Is Photography Art?

Photo by Martino Pietropoli
Last Updated by Angie

Photography isn’t art. It is a discipline that can be mastered by passionate people in order to produce art, but it is not art by itself. Paraphrasing Mr Harold Feinstein’s fine words on the very same topic, we can have a beautifully crafted paintbrush and make some hideous stuff with it.

Also, someone painting a house can do an excellent job with a rough brush, simply due to the applied technique.

Another example that I like to give to my students is that anyone can use a pen, but very few will write compelling novels or poems with them. And my favorite example, anyone can learn to use a camera just as anyone can learn how to drive, the meaningful thing is what we do with our camera.

Photography has been suffering this dichotomy – of being or not being art – for years, isn’t something new. Since its early beginnings, photography has been looked down on by the traditional arts, even Walter Benjamin tagged it as “aura-less“.

A Very, Very Personal Opinion On Art

I want to pull out two terms from ancient Greek philosophy, one is poiesis (ποίησις) and the other one is techne (τέχνη).

This isn’t a master class in philosophy so don’t worry, the first one (poiesis) refers to the act of creating something from the inside, being the “inside” our feelings and emotions.

The second one (techne), refers to the technique used to materialize those emotions pulled deeply from ourselves.

For me, that is art.

But, it is still society’s role to define or tag something as art. I tend to be very sceptical when people call themselves’ artists out of the blue. I only agree with people calling themselves as “artists” when they can justify their plastic and creative decisions via a solid statement and a consistent style.

Photography Can be Used to Produce, Among Many Things, Art

That being said, we can conclude that photography can be used to produce art as long as the images come from the very inside. If not, it is just picture making, which is not wrong at all, of course; but it is important to make a distinction to answer the questions being posed- Is Photography Art?.

Photography is a beautiful state of humanity, and it has been a companion for capturing humanity since it appeared.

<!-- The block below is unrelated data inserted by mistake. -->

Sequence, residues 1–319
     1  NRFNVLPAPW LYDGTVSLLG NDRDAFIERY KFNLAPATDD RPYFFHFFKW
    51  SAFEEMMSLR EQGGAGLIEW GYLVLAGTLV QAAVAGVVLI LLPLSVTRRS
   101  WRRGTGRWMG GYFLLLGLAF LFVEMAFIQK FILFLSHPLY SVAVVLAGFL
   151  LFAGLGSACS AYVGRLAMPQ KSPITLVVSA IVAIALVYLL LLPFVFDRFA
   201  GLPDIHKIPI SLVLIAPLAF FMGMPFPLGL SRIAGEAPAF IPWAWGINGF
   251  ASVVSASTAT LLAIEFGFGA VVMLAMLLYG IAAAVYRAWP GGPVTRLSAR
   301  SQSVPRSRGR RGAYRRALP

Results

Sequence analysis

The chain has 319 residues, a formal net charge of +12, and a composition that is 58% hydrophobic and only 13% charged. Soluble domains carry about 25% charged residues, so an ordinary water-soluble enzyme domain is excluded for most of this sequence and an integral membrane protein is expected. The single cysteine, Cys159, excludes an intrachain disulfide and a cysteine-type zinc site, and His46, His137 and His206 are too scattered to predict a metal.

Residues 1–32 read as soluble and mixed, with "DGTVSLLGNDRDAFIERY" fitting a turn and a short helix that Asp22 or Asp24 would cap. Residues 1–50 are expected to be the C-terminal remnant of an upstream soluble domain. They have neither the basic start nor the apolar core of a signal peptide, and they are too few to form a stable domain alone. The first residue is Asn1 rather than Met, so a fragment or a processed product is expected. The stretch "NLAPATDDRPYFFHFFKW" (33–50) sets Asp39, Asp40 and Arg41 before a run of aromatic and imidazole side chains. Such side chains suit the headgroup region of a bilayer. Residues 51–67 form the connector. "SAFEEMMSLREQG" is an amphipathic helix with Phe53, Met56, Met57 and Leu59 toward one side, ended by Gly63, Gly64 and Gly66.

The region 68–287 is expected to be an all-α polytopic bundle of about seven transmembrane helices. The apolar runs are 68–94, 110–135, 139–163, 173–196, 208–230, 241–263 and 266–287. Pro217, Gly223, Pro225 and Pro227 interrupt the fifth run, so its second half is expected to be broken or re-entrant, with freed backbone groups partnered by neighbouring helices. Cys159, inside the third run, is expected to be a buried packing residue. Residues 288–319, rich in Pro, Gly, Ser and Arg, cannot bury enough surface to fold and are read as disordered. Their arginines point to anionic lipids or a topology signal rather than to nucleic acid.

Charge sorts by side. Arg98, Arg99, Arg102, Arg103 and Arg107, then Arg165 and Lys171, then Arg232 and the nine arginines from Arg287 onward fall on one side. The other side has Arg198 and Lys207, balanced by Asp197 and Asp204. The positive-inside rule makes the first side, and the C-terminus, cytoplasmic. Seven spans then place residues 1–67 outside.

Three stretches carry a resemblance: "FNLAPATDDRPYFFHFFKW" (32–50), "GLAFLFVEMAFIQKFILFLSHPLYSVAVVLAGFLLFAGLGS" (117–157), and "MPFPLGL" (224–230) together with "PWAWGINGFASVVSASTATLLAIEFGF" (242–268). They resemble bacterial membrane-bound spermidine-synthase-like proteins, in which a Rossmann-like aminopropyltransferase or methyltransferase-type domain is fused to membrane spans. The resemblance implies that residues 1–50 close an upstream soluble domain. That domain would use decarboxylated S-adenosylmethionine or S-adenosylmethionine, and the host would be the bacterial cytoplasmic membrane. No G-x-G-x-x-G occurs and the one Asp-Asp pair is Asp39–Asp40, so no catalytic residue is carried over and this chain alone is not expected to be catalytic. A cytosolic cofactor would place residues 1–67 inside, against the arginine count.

It took portraits to the masses. Photography has been delivering information with immediacy for quite a while. And of course, it has produced a lot of art, but as it has evolved, the same art medium has become more and more strict and demanding.

On the Art of Photography

I won’t address the obscure conspiracies around the art market, but how the art of photography has evolved during the last century. It all started with portraits and landscape, two niches that were very well covered by painting. After photography appeared, more people got access to images and painting had to reinvent itself into more a creative artefact that photography simply can’t reach by itself. Nowadays we have digital retouching, which takes photographic inputs in order to make art.

After the huge boom of straight photography, cameras became more portable, and film capabilities allowed faster shutter speeds. This opened a new world of possibilities, and street photography became a genre.  After decades, it finally reached a state in which it was considered art.

We owe a lot to John Szarkowski for this. But nowadays, street photography is no longer capable of delivering something new that could even merely contribute to the world of art.

About Contemporary Photography

In the near-end decades of the twentieth century, a new historic category was achieved through photography. This is contemporary photography, and there are three huge names that we can refer to here: Cindy Sherman, Jeff Wall and of course Andreas Gursky.

  • Cindy Sherman: She pulls out the 50’s and 60’s film noir female stereotypes and reenacts them as self-portraits, but in a meticulous cinematic way.
  • Jeff Wall: His compositions can seem as candid or journalistic, but they are all acted, very well acted indeed. Sometimes he addresses social and political topics, and sometimes he tributes past painters like Manet or Hokusai.
  • Andreas Gursky: The highest valued photographer and a highly praised son of the Kunstakademie Düsseldorf. He focuses on banality and the no-places via heavy digital retouching.

There are of course a huge amount of photographers that fit within this “contemporary” category, but what distinguishes these fellows as real artists is that they do work around concepts.

They make statements, they research, they develop a style, and they eventually evolve as artists…


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